My perception is that, in the beginning, the creation of the Forum had a negative impact in the bilateral relationship, as Brazil was not willing to give a bold support to a Chinese foreign policy instrument. Soon after, China adjusted to the Brazilian approach and bilateral relations grew stronger than ever. Brazil is the member of the Macau Forum that more openly accepts its irrelevance. I was always told by Brazilian diplomats (working in different missions/countries – so apparently this is a common view) that Itamaraty does not have the human resources to invest in all institutions in which Brazil has membership; that comparing to the BRICS or the G20, the Macau Forum is not important. I even heard a Brazilian diplomat saying this in front of a Chinese diplomat and representatives from other Lusophone countries… Thus, Brazil is not interested in investing in this Forum. This is a fact. My opinion… well, we cannot assume that Brazil is actually loosing many opportunities for not participating actively in the Forum. What is certain is that this opportunities cannot emerge without a strategic shift and specific training of Brazilian diplomats and officials on Macau and the Forum. My article can only inspire some curiosity on the subject; it was not my intention to do political recommendations.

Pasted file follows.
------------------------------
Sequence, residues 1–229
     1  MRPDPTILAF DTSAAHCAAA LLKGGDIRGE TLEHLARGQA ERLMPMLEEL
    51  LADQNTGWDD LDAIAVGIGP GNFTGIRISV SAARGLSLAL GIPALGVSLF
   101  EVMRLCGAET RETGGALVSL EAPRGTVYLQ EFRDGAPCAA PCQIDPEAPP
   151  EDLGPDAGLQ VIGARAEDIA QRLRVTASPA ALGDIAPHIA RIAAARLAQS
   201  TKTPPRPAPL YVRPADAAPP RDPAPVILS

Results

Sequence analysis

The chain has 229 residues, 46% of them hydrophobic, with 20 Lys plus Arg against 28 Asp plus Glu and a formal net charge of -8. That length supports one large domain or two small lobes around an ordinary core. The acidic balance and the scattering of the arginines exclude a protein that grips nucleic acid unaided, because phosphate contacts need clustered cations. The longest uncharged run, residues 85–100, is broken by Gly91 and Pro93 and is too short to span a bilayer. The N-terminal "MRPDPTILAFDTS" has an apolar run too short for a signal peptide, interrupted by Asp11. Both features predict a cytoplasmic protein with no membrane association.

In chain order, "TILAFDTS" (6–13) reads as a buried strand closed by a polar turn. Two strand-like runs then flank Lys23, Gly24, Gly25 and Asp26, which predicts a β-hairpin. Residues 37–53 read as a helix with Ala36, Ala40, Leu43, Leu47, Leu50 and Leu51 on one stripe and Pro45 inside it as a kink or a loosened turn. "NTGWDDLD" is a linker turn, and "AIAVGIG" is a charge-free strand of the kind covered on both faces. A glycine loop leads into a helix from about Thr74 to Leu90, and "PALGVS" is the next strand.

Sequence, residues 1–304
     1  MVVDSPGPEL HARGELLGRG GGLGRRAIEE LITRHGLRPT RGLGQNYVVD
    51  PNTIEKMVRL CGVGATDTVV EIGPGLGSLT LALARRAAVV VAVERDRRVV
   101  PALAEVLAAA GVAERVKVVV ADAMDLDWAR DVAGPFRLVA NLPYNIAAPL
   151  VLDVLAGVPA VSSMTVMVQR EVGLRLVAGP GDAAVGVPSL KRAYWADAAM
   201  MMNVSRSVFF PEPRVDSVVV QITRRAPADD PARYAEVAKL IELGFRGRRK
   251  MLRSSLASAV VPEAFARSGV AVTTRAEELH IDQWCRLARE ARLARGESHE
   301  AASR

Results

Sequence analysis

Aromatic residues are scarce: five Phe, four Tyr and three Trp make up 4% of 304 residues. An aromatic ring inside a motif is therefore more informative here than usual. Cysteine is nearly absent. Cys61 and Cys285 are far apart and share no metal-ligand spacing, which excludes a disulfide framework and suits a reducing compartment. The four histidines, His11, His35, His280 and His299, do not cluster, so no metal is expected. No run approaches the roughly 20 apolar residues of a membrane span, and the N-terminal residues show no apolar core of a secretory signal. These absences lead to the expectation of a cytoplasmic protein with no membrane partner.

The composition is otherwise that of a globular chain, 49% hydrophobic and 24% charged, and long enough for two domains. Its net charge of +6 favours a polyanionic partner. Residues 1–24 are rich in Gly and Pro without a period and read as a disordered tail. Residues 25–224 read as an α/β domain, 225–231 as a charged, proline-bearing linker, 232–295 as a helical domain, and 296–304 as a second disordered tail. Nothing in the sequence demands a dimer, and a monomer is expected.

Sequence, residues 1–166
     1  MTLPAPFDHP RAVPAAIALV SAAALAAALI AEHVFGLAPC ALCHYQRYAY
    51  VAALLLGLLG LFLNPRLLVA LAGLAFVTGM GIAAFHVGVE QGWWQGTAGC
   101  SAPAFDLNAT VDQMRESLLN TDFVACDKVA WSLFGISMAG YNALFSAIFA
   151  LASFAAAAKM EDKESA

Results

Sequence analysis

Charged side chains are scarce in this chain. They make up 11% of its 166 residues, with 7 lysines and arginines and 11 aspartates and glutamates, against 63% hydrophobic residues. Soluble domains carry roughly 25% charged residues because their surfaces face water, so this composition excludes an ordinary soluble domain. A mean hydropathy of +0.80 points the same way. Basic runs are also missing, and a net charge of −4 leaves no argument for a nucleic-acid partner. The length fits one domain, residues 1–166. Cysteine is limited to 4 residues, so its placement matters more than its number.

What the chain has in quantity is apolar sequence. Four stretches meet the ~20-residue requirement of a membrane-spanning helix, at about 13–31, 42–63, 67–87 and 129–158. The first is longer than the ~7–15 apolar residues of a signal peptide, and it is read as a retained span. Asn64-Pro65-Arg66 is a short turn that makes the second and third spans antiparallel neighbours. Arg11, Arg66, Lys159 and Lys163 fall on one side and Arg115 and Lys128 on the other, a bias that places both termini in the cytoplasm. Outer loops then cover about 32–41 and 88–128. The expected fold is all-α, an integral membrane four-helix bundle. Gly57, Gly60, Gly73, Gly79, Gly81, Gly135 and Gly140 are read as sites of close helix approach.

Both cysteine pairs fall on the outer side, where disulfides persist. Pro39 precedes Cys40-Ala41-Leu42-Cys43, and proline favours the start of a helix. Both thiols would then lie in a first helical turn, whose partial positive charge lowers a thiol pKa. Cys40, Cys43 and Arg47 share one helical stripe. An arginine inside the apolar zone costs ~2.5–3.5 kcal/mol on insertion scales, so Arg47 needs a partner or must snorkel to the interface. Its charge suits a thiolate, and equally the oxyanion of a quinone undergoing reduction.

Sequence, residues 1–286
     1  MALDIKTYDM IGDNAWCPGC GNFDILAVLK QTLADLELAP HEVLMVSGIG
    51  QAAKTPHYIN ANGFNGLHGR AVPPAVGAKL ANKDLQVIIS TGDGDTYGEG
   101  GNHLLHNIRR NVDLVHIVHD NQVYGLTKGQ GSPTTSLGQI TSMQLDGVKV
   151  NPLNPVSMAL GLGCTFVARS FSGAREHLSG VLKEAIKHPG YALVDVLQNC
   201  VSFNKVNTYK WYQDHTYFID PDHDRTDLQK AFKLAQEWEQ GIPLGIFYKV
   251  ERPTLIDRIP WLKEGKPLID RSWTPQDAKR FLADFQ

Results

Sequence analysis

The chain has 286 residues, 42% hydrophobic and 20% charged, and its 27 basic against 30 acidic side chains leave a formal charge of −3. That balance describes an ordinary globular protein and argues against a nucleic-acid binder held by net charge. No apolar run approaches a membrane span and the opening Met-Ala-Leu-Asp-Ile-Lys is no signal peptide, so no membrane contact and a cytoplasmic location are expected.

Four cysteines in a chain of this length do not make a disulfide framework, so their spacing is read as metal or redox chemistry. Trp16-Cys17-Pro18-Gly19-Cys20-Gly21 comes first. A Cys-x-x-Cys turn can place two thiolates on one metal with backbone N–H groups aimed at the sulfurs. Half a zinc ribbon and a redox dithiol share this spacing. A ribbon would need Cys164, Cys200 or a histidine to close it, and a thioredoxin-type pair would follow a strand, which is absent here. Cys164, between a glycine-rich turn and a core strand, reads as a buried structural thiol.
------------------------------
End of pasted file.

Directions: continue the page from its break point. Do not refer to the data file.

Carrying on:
4. Is it important that an alternate view on China – other than northern countries’ – is being published in southern countries like Brazil? Why?